The Anti-pNET Effect of Baicalein In Vivo
To determine whether baicalein could inhibit pNET in vivo, mice treated with baicalein at10 mg/kg per day for 7 weeks had decreased tumor growth (Fig. 4A). The tumor volume of the control group (mean ± SEM) was 173.7 ± 5.426 mm3, and that of the baicalein-treated group was 24.83 ± 3.005mm3. The tumor volumes of baicalein treatment decreased significantly (P < 0.001). Western blot analysis demonstrated that Bcl-2 was inhibited, and Bax increased. The expression of survivin was obviously down-regulated (P < 0.05) relative to the untreated group. This indicated that baicalein promoted pNET apoptosis in vivo. We also used Western blotting to analyze protein expression of MMP-2 and MMP-9 in mice following baicalein treatment. Our results showed that baicalein decreased MMP-2 and MMP-9. In summary, these data suggest that baicalein is a potential tool to induce pNET apoptosis and inhibit migration and invasion (Fig. 4C).
Recently, baicalein was shown to be a bioactive flavonoid from Scutellaria radix that can induce tumor cell apoptosis and inhibit its migration.22–24 Various studies demonstrated that 15 to 50 μM baicalein could promote pancreatic cancer cell apoptosis via down-regulation of the antiapoptotic protein Mcl-1, and 60 to 80 μM baicalein could inhibit cell growth by attenuating CDC2 kinase activity.12,14 Baicalein was shown to retard tumor cell migration by inhibiting MMP-2 and MMP-9 activity.16,25 However, no studies have yet investigated the effects of baicalein on pNETs. In our study, we explored the mechanisms of baicalein in inhibiting pNETs. To the best of our knowledge, this is the first study on the function and mechanism of action of baicalein in pNETs.
We used flow cytometry and Western blot to demonstrate that baicalein potently induced BON1 cell apoptosis as a model of pNET. The Transwell assay proved that baicalein decreased BON1 migration and invasion. To further confirm the antitumor effects of baicalein, we used an animal xenograft model, which also showed that baicalein could inhibit tumor growth in vivo. In summary, baicalein is a potential medicine for pNETs.
Matrix metalloproteinases are unregulated in some malignant tumors and play critical roles in tumor cell metastasis and invasion.26,27 Matrix metalloproteinases 2 and 9 have important roles in pNET metastasis.28,29 Consistent with these findings, our results also showed that the antimetastatic properties of baicalein were due to lower MMP-2 and MMP-9 expression levels.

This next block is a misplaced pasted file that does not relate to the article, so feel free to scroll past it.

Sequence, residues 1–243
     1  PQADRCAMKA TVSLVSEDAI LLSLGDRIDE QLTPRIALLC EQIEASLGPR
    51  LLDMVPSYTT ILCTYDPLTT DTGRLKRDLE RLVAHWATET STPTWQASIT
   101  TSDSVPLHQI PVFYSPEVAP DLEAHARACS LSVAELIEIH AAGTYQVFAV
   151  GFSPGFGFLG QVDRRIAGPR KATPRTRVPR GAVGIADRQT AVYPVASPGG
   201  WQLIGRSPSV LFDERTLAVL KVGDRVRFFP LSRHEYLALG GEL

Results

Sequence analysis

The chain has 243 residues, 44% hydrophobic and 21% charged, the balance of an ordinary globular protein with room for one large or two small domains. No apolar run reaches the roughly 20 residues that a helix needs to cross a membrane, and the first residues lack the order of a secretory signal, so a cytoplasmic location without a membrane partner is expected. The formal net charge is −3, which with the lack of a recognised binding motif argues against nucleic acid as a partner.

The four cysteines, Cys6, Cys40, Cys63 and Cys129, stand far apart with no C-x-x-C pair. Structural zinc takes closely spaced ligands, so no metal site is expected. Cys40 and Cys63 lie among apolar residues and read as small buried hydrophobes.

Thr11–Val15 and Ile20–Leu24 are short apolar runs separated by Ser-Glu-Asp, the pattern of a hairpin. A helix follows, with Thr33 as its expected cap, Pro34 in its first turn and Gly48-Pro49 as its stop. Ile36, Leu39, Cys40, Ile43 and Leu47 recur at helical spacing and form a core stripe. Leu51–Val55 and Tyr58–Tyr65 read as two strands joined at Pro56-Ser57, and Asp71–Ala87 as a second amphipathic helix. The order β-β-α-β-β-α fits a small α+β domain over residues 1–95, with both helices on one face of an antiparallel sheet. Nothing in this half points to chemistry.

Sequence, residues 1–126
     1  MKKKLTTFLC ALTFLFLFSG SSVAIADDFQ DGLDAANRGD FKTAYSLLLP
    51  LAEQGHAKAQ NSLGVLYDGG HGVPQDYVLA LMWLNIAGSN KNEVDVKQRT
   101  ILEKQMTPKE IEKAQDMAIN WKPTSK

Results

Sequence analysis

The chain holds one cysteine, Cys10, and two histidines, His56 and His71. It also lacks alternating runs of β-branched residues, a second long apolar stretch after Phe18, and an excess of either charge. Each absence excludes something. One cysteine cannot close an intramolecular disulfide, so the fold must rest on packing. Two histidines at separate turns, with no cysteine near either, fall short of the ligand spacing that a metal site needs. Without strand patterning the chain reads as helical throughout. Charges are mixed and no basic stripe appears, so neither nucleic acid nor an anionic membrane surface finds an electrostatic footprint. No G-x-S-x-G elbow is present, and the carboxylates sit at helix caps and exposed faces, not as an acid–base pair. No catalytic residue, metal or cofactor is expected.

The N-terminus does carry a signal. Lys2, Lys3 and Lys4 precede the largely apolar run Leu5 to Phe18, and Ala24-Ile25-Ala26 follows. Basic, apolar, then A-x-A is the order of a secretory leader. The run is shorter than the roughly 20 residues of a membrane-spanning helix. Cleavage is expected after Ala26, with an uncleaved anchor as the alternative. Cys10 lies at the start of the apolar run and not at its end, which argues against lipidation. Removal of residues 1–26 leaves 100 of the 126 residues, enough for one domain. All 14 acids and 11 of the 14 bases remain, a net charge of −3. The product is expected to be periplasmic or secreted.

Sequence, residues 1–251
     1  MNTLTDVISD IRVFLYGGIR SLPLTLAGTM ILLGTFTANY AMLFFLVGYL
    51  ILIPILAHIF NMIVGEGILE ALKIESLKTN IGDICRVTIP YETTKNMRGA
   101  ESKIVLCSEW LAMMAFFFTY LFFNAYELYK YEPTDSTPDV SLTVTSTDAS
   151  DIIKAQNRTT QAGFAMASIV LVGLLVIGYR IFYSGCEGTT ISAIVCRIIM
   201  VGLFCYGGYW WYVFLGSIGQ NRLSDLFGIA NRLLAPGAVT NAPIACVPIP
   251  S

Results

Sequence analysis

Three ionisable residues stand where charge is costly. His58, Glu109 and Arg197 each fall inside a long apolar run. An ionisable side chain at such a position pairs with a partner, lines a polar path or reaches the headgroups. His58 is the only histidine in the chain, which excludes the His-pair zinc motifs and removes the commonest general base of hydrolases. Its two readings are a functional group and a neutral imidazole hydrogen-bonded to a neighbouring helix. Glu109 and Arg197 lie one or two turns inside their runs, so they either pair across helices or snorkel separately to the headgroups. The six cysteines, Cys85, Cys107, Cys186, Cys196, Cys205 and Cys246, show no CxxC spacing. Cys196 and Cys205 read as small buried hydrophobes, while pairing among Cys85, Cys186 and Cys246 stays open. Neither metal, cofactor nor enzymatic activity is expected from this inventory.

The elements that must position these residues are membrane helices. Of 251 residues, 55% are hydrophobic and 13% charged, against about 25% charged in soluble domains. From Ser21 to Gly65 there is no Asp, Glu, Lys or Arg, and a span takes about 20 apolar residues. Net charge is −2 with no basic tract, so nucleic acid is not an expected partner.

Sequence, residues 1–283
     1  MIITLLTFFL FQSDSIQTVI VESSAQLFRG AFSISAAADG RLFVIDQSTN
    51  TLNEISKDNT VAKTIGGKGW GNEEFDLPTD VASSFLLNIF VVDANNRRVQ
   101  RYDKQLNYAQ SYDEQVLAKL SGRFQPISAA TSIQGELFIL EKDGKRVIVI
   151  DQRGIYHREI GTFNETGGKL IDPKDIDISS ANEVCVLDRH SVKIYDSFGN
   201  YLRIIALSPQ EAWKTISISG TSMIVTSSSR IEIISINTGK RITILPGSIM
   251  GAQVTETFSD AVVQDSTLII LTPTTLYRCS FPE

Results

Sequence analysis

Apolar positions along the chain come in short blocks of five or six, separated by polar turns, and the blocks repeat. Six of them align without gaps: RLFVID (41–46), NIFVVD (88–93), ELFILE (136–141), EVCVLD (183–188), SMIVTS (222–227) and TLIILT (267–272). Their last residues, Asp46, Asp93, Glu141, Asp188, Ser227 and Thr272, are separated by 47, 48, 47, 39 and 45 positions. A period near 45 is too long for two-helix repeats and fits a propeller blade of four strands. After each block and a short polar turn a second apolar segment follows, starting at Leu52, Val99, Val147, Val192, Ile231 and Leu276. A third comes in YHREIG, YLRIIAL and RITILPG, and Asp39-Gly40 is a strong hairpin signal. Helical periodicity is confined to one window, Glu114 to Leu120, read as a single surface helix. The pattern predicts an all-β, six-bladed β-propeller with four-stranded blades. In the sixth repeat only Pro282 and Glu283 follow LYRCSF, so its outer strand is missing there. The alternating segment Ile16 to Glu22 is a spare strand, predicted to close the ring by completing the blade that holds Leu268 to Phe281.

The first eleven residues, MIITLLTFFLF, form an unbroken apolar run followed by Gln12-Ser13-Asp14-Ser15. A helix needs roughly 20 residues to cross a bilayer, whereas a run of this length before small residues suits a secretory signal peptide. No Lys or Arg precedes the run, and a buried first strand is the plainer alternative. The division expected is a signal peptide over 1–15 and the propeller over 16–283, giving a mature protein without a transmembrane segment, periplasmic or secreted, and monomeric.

The activation of caspase-3 plays a significant role in cell apoptosis including tumor cells. However, most tumor cells can block apoptosis, and thus understanding the mechanisms of apoptosis is critical for the prevention and treatment of various types of cancers. Generally, apoptosis is mediated via an extrinsic pathway (death receptor–mediated pathway) and an intrinsic pathway (mitochondrial-mediated pathway). Bcl-2 is encoded by the Bcl-2 gene and exerts antiapoptosis effects. Bax—the Bcl-2-associated X protein—belongs to the Bcl-2 gene family and promotes apoptosis.30 In our study, baicalein down-regulated the expression of Bcl-2 and up-regulated the Bax expression. This led to the cleavage of caspase-3 and caused BON1 cell apoptosis. Other research has shown that baicalein could not affect the expression of Bax and Bcl-2 in A549 cells in lung cancer strains. However, baicalein could increase the expression of tBID and release cytochrome c into cytosol. This led to apoptosis via a mitochondrial pathway in A549 cells.31
Survivin connects with caspase activation and cell apoptosis through a variety of stimuli.32 Survivin inhibition increases caspase-dependent apoptosis and shows significant antitumor activity in multiple tumor cells in vivo and in vitro.33 In our study, baicalein significantly inhibited the expression of survivin and decreased the expression of survivin-activated caspase-3.